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Celebrity fan sites fined for COPPA violations

Artist Arena will pay $1 million for improperly collecting children’s personal information

A music fan website operator must pay a hefty fine for violating the rights of young Justin Bieber fans.

Last week, the Federal Trade Commission (FTC) filed charges against Artist Arena, a division of Access Industries Inc.’s Warner Music Group that operates online fan clubs for pop stars, for violating the Children’s Online Privacy Protection Act (COPPA). The act makes it illegal to collect personal information from website visitors younger than 13 without parental consent.

According to the FTC’s filing, Artist Arena illegally collected information—including names, addresses, email addresses, birth dates and gender—from more than 100,000 underage users who visited its fan sites for Bieber, Rihanna, Demi Lovato and Selena Gomez.

The same day the FTC lobbed its accusation, Artist Arena proposed a settlement in which it will pay $1 million to settle the alleged wrongdoing, which it doesn’t admit to or deny. It also promised to delete any information it collected that violated COPPA and post a link on all of its sites to FTC information about children’s online privacy protection. A judge hasn’t yet approved the settlement.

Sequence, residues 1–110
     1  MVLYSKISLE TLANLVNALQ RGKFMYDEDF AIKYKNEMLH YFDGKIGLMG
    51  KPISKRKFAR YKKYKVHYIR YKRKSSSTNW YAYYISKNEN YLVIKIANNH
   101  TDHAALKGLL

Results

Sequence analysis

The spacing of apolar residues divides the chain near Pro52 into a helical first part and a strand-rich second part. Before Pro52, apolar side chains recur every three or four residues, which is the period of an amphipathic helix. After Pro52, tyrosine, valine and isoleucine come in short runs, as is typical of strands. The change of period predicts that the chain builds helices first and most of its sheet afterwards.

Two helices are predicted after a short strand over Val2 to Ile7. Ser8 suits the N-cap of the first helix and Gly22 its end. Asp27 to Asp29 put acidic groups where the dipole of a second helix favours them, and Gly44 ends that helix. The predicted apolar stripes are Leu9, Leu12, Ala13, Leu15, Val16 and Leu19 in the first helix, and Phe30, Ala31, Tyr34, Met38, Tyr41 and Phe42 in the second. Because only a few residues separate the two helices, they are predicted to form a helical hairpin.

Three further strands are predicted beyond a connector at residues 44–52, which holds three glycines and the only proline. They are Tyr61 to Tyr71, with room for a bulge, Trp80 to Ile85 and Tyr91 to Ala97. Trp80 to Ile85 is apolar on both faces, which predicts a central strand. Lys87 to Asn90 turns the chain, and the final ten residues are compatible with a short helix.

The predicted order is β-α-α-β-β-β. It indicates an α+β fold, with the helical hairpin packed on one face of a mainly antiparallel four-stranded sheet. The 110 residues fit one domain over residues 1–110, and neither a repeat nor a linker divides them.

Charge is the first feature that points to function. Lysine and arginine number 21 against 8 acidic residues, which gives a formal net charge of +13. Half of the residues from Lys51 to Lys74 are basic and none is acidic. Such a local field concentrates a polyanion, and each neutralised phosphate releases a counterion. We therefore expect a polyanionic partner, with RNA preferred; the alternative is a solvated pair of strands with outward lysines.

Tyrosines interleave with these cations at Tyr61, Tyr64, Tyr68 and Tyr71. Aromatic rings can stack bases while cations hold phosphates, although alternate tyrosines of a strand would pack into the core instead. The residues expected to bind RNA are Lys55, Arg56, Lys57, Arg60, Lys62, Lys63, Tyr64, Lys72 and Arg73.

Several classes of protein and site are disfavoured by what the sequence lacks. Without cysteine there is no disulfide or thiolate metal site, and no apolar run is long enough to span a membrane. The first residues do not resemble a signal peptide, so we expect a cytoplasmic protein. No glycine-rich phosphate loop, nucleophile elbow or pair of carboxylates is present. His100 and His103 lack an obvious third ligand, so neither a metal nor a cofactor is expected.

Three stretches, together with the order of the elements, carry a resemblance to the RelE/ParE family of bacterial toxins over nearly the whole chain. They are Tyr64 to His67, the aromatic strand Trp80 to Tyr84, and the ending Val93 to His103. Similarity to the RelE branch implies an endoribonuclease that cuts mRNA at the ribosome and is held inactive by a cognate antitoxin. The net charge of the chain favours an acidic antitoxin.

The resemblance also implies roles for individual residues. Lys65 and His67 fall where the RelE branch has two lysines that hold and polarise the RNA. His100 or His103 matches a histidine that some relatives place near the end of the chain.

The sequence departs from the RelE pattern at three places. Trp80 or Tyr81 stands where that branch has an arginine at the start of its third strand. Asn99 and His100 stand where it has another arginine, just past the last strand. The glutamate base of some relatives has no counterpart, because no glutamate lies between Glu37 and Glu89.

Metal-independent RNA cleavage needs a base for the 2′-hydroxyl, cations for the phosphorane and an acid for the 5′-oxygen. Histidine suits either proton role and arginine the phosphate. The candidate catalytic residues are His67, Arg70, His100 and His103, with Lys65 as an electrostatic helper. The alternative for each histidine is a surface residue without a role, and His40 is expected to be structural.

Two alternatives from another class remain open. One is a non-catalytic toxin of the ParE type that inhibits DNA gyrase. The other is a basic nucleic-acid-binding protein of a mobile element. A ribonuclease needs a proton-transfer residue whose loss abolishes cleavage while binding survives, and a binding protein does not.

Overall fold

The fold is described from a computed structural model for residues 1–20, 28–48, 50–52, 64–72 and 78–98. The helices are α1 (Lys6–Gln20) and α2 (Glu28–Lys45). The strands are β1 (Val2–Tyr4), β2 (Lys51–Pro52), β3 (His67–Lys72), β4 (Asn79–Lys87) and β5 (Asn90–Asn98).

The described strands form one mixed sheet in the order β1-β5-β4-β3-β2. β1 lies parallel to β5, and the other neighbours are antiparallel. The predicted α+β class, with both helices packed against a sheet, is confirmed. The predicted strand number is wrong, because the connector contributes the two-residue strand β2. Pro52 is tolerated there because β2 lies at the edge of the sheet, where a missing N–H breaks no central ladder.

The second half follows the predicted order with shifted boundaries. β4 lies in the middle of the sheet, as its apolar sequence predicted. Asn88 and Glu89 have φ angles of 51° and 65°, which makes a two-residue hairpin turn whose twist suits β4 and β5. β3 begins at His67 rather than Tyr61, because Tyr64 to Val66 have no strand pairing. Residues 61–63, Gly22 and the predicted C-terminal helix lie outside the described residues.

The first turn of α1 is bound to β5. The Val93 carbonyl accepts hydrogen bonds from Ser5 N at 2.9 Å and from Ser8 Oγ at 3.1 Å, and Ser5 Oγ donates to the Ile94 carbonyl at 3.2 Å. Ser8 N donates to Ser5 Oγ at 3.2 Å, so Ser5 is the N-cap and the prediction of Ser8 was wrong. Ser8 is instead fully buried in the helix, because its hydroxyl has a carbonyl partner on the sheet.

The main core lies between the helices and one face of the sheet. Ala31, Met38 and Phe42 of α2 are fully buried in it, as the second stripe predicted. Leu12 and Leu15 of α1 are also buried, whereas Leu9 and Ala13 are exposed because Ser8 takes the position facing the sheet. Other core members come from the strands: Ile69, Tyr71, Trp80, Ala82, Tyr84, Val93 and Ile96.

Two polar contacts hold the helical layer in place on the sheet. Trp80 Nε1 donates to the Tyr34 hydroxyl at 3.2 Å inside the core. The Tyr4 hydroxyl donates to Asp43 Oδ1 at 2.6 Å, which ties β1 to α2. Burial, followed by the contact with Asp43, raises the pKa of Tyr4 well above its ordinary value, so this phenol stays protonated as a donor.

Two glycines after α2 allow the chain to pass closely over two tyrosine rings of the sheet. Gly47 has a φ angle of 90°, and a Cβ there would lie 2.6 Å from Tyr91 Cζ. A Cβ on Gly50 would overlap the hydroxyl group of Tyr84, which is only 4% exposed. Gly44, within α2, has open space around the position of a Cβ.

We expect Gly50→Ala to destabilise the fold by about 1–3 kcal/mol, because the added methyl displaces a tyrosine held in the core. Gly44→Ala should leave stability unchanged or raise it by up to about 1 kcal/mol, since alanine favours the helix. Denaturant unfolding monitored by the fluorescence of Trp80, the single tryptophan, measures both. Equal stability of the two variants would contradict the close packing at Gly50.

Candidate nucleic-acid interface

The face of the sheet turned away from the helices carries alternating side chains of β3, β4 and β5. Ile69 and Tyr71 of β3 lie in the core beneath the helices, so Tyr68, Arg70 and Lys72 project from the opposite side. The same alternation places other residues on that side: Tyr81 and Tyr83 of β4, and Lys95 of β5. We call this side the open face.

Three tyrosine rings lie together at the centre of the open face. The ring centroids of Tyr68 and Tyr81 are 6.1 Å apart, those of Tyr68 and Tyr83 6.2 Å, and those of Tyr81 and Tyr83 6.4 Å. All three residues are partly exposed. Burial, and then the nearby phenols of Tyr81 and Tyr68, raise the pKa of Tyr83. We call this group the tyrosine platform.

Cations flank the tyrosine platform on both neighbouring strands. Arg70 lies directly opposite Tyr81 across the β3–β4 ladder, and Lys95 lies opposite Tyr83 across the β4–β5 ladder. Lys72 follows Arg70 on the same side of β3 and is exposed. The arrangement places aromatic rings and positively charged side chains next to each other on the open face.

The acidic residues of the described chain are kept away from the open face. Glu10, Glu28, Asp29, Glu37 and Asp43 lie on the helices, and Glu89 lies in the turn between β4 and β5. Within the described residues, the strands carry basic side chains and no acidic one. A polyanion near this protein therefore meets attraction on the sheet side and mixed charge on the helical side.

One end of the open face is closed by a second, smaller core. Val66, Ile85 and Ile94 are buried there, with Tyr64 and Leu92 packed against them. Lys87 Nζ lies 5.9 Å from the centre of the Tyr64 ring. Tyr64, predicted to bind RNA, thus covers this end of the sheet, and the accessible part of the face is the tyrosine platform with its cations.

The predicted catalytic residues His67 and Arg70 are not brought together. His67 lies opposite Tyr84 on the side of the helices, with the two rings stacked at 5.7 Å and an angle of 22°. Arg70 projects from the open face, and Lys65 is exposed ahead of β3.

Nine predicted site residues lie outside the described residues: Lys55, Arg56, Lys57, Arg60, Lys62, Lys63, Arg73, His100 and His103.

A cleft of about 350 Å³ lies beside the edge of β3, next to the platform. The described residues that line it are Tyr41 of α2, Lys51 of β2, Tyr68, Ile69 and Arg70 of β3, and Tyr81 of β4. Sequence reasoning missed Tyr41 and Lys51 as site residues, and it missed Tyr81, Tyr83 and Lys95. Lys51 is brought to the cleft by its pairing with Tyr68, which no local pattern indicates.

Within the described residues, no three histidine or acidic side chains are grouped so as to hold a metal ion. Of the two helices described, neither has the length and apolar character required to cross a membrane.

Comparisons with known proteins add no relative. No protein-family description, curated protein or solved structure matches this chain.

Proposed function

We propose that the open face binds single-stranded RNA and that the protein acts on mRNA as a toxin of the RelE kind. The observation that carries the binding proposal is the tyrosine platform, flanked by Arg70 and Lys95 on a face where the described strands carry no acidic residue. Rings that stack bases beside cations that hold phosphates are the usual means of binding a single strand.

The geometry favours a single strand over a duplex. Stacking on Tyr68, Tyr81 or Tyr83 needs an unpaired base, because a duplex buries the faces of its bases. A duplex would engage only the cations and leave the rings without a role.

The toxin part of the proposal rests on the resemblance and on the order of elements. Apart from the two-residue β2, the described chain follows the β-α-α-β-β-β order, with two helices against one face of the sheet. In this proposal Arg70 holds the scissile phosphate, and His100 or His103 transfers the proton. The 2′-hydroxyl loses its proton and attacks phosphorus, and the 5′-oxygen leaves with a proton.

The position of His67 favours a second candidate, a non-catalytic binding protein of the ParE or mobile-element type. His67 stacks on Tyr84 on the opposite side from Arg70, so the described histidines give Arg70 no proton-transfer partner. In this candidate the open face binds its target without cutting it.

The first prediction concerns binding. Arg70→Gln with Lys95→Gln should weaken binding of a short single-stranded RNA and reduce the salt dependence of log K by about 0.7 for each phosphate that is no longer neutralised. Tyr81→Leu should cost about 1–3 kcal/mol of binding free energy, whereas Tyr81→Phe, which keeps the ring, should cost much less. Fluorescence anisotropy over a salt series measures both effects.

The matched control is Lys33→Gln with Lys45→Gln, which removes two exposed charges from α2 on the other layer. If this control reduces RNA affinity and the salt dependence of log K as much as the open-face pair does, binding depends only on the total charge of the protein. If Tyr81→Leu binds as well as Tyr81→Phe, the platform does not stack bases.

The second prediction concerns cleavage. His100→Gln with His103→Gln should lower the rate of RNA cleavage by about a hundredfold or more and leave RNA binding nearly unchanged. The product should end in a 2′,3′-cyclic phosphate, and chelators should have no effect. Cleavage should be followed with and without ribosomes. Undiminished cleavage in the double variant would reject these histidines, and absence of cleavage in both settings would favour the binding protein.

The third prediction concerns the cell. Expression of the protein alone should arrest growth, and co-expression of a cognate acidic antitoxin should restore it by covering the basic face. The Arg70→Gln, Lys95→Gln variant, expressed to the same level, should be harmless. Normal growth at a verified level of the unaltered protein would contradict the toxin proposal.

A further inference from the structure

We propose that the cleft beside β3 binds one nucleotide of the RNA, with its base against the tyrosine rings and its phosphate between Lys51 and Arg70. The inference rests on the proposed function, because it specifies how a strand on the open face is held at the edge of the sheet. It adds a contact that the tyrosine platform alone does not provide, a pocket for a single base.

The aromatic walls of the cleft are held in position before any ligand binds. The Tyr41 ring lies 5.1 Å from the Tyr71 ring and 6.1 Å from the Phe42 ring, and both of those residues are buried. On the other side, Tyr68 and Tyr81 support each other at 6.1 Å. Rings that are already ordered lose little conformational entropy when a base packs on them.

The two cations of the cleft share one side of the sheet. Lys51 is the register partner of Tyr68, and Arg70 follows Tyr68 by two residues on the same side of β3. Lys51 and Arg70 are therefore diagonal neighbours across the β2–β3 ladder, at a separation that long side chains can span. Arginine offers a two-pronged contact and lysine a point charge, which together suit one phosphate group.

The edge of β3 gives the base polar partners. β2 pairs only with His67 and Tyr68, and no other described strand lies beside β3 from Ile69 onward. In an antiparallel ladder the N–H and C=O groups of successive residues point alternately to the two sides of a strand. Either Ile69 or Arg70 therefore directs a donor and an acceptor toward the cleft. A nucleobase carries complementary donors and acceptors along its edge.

“Marketers need to know that even a bad case of Bieber Fever doesn’t excuse their legal obligation to get parental consent before collecting personal information from children,” FTC Chairman Jon Leibowitz said in a press release. “The FTC is in the process of updating the COPPA Rule to ensure that it continues to protect kids growing up in the digital age.”

Read the Wall Street Journal and the Washington Post for more about the privacy violations.

Read more InsideCounsel stories about COPPA and online privacy:

The Children’s Online Privacy Protection Act grows up

California Senate passes social media privacy legislation

FTC settles complaint over violation of child privacy laws

Illinois passes social media privacy law to safeguard employee passwords

Technology: The privacy perils of mobile technology

FTC calls for more online privacy

Ashley Post

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